China seeks stronger Asean ties

China seeks stronger Asean ties

Asean and China will celebrate the 30th anniversary of bilateral relations next year and at issue is whether Asean will be willing to upgrade the country's status to "comprehensive strategic partner". Beijing is hopeful that there will be a consensus among the 10-member countries to further strengthen their all-round cooperation and propel their partnership to a new level.

Since January, Asean-China ties have been exclusively focused on the battle against Covid-19. Their foreign ministers were first to hold talks on ways and means to deal with the deadly outbreak together in the most efficient way. China has also provided assistance, including medical teams and materials such as ventilators, masks, protective suits and testing packages, to Asean members tackling Covid-19.

Due to the pandemic, the second reading of the single draft of the code of conduct (COC) in the South China Sea could not proceed. China had previously insisted that negotiators meet in person to work on the document, which is considered highly sensitive and confidential. The first reading of the COC single draft was completed smoothly last year and the two sides used a meeting of officials early this month to explore new ways of moving the process forward.

More specifically, Beijing is now willing to negotiate the draft online via written texts. The agreed three-year time frame to complete the COC, which was proposed by Chinese Premier Li Keqiang in November 2018, is now in limbo. Both the Philippines, the coordinator of Asean-China ties, and the Asean chair are working together to hasten progress.

If all parties can agree on the COC by the end of 2020, it would mean an agreement would likely be ready for Asean's approval by mid-2021, under its new chair, Brunei Darussalam. It would be a historic document for Asean and China as they have been working on it for nearly two decades.

However, the recent tensions in the South China Sea involving China and three major Asean claimants -- Vietnam, Malaysia and the Philippines -- have undermined longstanding mutual trust between them and even with Asean as a whole. The countries have jointly expressed concerns about China's activities in the disputed maritime zones. At the virtual 35th Asean summit in late June, Asean made clear once again that all sides have to adhere to universally recognised international laws, including the UN Convention on the Law of the Sea.

This month's US show of maritime force in the South China Sea has heightened tensions and Washington went further, stating that most of the Chinese claims were unlawful. For the first time, the US openly backed the Asean position that it would take no position in the dispute. Last week, US State Secretary Mike Pompeo went ballistic, attacking the Chinese Community Party and urged allies and friends to be assertive against China.

Obviously, without any tangible progress on the second reading, the "comprehensive strategic partner" status will remain elusive. Truth be told, China is very proud of its ties with Asean and Beijing often views them as very special. After obtaining "dialogue partner" status in 1996 and "strategic partner" status in 2003, Beijing's ties with Asean have strengthened non-stop and have transformed them as one of the bloc's key relationships. China was also the first major power to accede to the Treaty of Amity and Cooperation (TAC), four months ahead of India in 2005, as well as concluding a free-trade agreement with Asean.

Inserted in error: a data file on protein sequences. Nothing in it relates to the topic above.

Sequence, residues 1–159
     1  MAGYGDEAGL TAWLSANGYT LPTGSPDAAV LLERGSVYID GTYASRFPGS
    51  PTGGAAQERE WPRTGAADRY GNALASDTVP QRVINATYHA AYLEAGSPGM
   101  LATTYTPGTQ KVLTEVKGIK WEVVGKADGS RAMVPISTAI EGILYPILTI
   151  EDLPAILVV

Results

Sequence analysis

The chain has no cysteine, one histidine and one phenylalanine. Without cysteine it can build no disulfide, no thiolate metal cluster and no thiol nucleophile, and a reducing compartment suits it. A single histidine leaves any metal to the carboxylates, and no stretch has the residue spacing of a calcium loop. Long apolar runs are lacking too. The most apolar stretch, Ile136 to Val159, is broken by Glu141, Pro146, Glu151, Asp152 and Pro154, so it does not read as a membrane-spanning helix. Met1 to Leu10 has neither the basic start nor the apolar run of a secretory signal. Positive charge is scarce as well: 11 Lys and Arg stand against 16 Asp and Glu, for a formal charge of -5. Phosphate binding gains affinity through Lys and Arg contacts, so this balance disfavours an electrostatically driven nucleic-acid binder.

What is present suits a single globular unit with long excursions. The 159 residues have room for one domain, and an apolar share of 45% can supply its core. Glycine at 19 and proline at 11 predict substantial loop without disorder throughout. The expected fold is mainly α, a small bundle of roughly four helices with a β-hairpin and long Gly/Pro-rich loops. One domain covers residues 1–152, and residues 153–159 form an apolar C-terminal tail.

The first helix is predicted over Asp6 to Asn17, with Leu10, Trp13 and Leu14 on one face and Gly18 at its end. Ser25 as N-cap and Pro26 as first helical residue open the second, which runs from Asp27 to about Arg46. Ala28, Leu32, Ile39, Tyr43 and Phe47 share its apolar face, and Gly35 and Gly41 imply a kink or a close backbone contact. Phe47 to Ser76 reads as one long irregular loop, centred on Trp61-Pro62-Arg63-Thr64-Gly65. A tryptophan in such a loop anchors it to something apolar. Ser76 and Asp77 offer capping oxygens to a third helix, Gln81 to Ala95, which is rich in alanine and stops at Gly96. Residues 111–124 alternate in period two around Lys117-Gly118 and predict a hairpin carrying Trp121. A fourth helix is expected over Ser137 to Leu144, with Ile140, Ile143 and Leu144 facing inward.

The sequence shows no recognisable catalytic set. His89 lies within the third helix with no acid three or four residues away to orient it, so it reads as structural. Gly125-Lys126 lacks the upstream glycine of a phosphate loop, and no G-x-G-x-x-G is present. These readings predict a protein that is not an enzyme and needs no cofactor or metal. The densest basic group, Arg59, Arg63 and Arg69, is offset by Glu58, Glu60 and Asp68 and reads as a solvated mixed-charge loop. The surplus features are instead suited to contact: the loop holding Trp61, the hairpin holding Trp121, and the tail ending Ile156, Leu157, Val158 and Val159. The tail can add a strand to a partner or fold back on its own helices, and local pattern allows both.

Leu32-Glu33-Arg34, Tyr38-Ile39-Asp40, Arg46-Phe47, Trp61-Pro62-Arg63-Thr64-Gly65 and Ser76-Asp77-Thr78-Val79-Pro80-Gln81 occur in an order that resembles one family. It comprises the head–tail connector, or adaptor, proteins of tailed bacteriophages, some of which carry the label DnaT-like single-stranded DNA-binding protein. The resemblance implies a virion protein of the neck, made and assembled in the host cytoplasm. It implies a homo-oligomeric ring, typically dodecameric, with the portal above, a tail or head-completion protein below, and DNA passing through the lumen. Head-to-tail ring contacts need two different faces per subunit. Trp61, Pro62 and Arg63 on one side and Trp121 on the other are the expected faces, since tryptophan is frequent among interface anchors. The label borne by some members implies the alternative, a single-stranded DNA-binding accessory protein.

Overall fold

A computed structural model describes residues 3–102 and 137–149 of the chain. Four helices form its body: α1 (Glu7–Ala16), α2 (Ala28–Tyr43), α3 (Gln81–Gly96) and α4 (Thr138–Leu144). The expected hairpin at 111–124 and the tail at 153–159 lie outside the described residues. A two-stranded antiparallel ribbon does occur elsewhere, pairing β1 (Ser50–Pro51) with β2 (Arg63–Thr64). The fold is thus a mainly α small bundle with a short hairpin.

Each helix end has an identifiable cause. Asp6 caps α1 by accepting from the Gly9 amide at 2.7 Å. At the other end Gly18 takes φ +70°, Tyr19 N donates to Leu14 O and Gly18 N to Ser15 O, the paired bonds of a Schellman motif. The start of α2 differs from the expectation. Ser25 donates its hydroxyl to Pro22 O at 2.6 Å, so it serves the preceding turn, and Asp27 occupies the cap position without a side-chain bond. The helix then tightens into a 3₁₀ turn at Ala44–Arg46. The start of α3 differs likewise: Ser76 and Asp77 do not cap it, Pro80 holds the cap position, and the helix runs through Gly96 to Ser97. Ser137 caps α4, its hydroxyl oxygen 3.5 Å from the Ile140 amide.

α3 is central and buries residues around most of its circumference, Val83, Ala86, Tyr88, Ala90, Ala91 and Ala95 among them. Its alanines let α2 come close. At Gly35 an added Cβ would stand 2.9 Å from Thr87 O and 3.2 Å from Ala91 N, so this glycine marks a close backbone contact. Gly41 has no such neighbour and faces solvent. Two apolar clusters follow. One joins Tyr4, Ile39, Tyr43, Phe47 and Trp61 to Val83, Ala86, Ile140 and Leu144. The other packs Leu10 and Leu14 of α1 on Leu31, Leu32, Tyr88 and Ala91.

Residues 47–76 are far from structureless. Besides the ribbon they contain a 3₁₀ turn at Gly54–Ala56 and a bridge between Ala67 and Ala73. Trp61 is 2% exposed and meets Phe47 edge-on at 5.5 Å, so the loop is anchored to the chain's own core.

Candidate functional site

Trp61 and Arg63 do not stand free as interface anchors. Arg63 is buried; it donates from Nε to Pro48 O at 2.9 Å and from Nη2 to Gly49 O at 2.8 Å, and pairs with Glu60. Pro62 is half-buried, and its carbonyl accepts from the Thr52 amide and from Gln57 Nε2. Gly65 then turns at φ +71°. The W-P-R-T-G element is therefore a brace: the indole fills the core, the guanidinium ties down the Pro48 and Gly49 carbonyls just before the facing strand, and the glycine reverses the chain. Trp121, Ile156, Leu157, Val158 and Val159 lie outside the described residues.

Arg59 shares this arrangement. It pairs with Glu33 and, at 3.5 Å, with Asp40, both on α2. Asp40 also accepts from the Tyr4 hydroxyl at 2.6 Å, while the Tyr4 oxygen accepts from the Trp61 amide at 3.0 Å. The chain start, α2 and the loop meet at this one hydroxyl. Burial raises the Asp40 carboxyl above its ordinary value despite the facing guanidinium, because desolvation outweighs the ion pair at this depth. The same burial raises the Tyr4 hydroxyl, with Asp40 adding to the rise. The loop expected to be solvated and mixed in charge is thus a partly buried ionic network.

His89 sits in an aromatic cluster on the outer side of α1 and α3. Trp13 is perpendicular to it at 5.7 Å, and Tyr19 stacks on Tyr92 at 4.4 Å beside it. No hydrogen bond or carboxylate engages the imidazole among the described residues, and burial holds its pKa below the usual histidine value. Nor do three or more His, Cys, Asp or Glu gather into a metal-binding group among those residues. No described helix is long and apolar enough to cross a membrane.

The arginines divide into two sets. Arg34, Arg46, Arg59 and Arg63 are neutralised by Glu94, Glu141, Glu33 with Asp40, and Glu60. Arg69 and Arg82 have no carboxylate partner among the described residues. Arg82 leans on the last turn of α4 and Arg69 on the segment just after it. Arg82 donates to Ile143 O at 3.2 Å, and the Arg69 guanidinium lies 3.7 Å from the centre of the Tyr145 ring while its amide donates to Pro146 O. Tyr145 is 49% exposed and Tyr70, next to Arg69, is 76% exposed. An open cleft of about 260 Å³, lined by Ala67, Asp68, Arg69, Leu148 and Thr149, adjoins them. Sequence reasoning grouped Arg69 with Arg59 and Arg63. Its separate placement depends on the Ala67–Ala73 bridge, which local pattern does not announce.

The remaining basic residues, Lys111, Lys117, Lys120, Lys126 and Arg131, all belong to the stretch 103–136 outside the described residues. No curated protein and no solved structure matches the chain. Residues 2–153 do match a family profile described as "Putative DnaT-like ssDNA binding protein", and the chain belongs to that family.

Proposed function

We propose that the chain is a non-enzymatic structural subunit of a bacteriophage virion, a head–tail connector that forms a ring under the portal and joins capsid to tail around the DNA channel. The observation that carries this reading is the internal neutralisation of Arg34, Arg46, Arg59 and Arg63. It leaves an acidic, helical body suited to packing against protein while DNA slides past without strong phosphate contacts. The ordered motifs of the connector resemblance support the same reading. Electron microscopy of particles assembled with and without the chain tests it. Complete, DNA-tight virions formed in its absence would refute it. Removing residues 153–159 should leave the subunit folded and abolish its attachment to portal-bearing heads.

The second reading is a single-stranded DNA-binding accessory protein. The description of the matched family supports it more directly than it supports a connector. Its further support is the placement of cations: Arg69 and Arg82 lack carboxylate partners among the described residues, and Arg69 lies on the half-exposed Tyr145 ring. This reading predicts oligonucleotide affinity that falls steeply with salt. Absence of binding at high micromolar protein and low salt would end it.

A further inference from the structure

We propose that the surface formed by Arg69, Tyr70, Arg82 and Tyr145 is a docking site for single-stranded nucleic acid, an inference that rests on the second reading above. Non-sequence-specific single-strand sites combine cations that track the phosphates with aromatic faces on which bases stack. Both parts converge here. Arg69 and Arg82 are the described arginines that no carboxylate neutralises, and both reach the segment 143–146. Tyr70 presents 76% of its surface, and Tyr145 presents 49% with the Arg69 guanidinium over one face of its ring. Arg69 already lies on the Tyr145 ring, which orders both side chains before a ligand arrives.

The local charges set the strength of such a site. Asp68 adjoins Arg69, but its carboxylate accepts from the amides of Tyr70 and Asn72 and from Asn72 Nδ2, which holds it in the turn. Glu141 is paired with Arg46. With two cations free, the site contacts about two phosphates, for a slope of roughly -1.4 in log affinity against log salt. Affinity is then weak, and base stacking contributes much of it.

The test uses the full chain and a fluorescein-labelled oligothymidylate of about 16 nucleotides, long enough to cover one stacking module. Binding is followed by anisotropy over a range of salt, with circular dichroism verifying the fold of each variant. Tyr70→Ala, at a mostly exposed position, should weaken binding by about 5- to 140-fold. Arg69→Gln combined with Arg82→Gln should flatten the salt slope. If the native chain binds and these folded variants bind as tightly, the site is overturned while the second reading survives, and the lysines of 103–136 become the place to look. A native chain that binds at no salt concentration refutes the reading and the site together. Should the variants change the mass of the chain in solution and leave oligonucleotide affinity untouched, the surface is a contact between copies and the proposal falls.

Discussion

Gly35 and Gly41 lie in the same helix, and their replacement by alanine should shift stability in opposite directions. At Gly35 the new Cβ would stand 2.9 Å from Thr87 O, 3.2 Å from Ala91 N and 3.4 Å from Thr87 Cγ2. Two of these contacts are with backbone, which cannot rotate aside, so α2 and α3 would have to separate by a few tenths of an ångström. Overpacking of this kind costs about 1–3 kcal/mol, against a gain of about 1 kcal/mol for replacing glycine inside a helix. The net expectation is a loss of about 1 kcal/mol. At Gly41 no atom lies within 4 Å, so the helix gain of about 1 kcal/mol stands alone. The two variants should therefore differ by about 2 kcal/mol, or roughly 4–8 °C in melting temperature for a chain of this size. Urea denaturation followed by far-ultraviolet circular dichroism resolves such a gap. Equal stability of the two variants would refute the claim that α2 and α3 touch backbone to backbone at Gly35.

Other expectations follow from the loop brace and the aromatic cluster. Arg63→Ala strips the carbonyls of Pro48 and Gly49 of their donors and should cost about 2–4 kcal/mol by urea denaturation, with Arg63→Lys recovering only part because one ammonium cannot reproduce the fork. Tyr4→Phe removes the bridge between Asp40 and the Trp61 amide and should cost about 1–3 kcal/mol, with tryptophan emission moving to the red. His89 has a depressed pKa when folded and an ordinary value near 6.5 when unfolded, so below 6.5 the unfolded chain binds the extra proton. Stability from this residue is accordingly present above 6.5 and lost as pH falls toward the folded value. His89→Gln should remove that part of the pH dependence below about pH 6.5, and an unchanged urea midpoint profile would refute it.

Compared with Asean's external relations, the bond with China is the most dynamic. For instance, while trade with other dialogue partners declined during the first half of this year, Asean-China trade remained robust, reaching 2.09 trillion yuan (9.41 trillion baht), or 14.7% of China's total foreign trade, overtaking the EU as China's No.1 trading partner, according to the State Council Information Office. As such, these relations are very special but Asean has yet to agree on the proposed formal status upgrade, which Beijing recently submitted to Asean for consideration.

China's submission poses a huge challenge for Asean. Some members are very cautious, stressing that doing so would have a long-term impact on the bloc's ties with other key strategic partners, especially the US, Japan, Australia and India. These strategic partnerships are all unique in their own way. Furthermore, Asean has yet to come to grips with the real meaning and substance of the so-called "comprehensive" nature of strategic relations. Further clarifications from Beijing are urgently needed.

In the post Covid-19 world, China is broadening and deepening its partnership network around the world to preempt a further deterioration of its relations with the US. So far, China has established strategic partners with nearly 70 countries in all continents to promote common interests and prevent isolation. Using freshly earned credit and influence over the public healthcare and its effective anti-Covid-19 campaign, Beijing has carefully nurtured its reputation to serve as a building block for other diplomatic undertakings.

China's push comes amid dramatically increased US pressure. For Asean's part, further strengthening its links with Beijing must promote and support the group's resilience against external pressure, not undermine it.


Kavi Chongkittavorn is veteran journalist on regional affairs.


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